The magnitude of electron gain enthalpy is dependent upon various factors. In particular, the atomic size and effective nuclear charge are important. In general, the negative electron gain enthalpy decreases with increasing atomic radius and increases with decreased screening by inner d electrons. Also the value will depend upon the type of orbital that the added electron enters; other things remaining constant, the negative electron gain enthalpy is greatest for an electron entering an s orbital and decreases for p, d and f orbital. In fact in the common monoatomic anions the electrons enter a p orbital (except for H, where the 1s orbital receives electron).

Like ionization enthalpy, electron gain enthalpy is also a periodic property. However, the periodicity in electron gain enthalpy is much less pronounced than in ionization enthalpy.

Note that both the negative electron gain enthalpy and the ionization enthalpy increase


toward the upper – right hand corner of the periodic table because one is defined in terms of energy released and the other in terms of needed. Table 5 shows that negative electron gain enthalpies of the halogen atoms are greater than those of the other elements. The decrease of negative electron gain enthalpy from chlorine to iodine is not unexpected because the atomic size decreases down then group. Surprisingly the negative electron gain enthalpy of F (- 327.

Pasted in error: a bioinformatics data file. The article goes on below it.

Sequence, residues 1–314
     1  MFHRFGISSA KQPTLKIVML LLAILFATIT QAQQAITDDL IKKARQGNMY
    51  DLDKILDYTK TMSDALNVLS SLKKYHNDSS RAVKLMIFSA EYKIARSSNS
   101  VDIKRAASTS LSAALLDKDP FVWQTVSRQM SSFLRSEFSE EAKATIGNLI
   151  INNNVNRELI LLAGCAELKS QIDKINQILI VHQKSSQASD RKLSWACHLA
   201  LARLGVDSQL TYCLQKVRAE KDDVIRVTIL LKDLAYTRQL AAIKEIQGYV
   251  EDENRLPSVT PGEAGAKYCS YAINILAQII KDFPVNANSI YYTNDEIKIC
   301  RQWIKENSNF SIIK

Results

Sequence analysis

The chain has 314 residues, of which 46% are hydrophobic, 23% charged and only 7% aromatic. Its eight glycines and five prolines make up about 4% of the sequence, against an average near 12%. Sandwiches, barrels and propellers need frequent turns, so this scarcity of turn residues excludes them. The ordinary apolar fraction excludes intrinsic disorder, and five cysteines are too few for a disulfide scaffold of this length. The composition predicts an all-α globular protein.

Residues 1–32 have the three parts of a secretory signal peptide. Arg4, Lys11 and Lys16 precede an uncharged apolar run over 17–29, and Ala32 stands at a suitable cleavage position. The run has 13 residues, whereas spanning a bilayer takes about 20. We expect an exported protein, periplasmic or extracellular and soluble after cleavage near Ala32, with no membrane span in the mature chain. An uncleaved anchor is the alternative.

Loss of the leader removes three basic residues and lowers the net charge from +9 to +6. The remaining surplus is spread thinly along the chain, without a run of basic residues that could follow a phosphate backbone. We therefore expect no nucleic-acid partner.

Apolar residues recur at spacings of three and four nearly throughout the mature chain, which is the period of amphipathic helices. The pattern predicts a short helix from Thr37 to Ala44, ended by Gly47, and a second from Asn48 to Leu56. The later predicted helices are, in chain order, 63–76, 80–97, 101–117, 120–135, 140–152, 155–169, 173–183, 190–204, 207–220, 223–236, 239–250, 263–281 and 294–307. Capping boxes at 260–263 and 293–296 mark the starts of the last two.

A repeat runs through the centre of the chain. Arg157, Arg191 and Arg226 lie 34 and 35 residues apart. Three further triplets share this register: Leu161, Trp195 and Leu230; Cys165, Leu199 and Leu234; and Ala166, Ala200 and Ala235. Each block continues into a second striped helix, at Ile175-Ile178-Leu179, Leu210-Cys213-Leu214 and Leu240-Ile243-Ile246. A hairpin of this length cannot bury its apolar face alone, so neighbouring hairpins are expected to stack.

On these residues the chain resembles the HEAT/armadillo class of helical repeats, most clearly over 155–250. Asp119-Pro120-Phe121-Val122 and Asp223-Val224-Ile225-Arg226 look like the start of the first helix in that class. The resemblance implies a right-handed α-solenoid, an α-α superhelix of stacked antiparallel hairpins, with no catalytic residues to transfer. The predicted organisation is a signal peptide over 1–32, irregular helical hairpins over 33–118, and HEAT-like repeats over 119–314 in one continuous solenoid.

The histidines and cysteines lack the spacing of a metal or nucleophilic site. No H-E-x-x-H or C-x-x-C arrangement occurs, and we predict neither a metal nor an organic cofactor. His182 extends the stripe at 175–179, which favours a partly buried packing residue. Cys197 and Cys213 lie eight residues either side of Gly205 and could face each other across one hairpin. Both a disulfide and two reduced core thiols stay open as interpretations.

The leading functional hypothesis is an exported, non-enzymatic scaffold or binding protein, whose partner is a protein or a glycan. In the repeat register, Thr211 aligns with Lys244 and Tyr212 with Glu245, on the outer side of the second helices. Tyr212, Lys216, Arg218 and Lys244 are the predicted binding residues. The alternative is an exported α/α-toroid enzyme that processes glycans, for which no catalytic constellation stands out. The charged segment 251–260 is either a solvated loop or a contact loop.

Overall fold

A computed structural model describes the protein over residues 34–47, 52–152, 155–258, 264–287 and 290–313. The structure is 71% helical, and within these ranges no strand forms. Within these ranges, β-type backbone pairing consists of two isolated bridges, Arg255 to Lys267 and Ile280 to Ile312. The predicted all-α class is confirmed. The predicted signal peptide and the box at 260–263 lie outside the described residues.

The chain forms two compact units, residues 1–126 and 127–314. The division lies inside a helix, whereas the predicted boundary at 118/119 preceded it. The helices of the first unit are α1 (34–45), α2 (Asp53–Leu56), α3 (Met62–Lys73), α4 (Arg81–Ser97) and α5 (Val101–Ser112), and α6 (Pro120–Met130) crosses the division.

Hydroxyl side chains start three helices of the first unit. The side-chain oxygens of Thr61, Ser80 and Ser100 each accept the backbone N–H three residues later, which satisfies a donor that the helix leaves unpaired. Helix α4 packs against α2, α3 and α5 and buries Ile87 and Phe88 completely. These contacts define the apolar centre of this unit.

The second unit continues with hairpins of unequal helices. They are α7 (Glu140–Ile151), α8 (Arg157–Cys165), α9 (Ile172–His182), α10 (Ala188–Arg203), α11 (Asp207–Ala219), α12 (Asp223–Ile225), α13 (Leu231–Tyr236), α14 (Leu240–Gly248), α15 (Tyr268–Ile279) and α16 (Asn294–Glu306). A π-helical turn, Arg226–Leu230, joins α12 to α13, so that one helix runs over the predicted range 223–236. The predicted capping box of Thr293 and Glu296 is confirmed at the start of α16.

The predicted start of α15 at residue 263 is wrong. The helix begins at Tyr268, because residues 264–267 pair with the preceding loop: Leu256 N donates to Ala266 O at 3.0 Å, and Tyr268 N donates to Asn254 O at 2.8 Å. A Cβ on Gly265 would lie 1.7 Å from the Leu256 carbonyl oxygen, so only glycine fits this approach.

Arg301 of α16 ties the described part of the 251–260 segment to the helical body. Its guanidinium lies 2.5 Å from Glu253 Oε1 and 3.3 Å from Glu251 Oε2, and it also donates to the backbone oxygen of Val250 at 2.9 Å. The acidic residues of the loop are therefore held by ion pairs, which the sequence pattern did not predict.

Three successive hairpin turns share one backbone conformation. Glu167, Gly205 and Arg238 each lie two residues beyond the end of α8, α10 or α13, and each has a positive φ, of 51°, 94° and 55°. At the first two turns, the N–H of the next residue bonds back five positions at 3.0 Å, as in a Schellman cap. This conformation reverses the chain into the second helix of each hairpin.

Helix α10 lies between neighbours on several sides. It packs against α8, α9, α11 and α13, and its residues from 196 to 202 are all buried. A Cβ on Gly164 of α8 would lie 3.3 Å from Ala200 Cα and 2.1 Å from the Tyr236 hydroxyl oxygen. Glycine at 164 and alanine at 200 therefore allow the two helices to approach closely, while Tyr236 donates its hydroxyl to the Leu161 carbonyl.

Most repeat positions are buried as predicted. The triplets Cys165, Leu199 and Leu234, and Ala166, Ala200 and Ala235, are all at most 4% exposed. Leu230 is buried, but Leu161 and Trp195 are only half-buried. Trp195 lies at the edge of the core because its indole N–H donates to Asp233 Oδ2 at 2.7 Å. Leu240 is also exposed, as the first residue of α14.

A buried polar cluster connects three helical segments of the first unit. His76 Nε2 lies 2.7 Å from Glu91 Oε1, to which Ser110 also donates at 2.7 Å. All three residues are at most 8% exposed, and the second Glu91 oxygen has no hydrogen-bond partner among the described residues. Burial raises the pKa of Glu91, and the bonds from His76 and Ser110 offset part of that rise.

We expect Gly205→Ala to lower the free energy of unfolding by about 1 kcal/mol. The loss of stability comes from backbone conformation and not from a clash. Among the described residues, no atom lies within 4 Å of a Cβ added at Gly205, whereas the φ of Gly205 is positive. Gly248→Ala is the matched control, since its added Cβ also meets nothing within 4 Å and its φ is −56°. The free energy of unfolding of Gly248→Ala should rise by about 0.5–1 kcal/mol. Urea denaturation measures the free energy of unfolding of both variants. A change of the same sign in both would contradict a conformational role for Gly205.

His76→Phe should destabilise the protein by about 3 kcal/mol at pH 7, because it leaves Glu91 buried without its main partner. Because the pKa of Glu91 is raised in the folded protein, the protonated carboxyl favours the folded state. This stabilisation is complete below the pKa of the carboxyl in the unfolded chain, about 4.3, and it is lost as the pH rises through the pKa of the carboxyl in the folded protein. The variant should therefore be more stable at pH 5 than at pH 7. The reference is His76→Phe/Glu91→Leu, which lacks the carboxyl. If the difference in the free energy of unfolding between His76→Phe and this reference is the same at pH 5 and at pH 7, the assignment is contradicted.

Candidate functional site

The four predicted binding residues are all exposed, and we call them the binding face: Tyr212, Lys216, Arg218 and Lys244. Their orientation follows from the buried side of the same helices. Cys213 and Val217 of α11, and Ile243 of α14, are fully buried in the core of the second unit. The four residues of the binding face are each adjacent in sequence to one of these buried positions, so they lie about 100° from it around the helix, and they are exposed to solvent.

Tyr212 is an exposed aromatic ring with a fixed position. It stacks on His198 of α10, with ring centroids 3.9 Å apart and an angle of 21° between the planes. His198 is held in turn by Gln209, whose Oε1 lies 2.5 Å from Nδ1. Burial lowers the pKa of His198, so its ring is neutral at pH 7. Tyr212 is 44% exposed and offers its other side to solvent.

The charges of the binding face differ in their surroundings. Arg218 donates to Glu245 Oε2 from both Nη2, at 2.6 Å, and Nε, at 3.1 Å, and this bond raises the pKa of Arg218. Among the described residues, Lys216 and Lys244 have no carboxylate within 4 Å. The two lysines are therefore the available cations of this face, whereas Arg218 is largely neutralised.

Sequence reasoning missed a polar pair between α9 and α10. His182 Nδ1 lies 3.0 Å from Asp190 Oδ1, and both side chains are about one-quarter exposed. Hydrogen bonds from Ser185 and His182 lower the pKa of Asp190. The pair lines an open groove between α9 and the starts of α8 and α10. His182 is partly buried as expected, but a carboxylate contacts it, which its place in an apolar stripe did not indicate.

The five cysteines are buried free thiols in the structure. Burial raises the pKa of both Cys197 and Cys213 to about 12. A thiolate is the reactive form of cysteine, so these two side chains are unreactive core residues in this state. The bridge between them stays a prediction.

9 kJ mol-1) is slightly less than that of Cl (- 348. 8 kJ mol-1). This may be explained in this way: the very small size of fluorine atom with its high electron density makes the addition of an electron slightly less favourable energetically than for Cl.

Table 5: Electron Gain Enthalpies* / (kJ mol-1) of some main group Elements

H -73 He + 46

Li -60 0 -141 F -328 Ne +116 Na -53 S -200 Cl -349 Ar + 96 K -48 Se -195 Br -325 Kr + 96 Rb -47 Te -190 1 -295 Xe + 77 Cs -46 Po -190 At -270 Rn + 68